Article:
By Jim Schutze
By Rachel Watts
By Lauren Drewes Daniels
By Anna Merlan
By Lee Escobedo
By Alice Laussade
By Scott Reitz
This Chicago MC gives a good name to conscious rap, too often the genre where creativity and fun go to die. Like his pal and benefactor Kanye West (with whom he won a Grammy last year for co-writing "Jesus Walks"), Rhymefest is obsessed with the intersection between virtue and temptation. Blue Collar, his big-budget debut, is filled with evidence of the rapper's struggle to reconcile his material desires with his conviction that true happiness lies in transcending those cravings; as on West's records, the juiciest moments occur when Rhymefest can't quite reason the contradiction away.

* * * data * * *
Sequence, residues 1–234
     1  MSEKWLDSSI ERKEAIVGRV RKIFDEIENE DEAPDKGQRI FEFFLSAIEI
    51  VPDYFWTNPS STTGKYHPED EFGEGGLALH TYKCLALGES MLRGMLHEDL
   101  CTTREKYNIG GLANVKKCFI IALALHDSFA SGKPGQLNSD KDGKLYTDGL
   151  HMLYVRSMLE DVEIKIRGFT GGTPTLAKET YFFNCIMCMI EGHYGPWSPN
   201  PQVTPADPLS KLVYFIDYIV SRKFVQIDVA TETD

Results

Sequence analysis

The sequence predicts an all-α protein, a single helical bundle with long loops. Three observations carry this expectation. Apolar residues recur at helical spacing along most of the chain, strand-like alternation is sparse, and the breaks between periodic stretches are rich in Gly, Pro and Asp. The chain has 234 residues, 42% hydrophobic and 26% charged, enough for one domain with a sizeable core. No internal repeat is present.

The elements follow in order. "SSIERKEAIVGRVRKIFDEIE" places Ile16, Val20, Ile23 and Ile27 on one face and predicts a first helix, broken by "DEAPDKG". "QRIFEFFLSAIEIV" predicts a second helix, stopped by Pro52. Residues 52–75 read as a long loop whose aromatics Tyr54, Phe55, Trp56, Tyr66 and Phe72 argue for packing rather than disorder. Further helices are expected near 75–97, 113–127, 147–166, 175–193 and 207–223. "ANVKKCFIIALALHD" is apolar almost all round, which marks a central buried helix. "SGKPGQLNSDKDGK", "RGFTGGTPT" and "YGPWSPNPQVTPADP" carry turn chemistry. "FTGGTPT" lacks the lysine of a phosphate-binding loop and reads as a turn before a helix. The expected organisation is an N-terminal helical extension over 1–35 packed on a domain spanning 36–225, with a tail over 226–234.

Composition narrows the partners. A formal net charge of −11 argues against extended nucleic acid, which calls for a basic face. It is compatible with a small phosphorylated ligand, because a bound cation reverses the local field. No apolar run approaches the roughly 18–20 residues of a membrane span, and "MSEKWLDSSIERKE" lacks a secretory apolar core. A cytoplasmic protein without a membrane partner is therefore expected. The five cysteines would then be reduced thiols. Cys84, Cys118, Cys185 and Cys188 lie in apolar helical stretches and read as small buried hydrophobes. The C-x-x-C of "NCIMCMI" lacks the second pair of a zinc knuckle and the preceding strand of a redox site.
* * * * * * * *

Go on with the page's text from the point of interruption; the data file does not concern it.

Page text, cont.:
Of course, what makes Blue Collar's complexities worth savoring--and what distinguishes it from many of its bargain-bin conscious-rap counterparts--is the top-shelf collection of beats by high-priced producers such as Just Blaze, Cool & Dre and West himself; the disc's appealingly glossy sound acknowledges that, on the radio, introspective philosophizing still (rightly) answers to the almighty groove. Rhymefest has the most fun in the handful of tracks helmed by well-connected celebrity DJ Mark Ronson. In "Devil's Pie" he invites George Bush, Donald Rumsfeld and Condoleezza Rice to sample their own bullshit over a funky chop-up of the Strokes' "Someday." It might be the most buoyant protest song of the summer.
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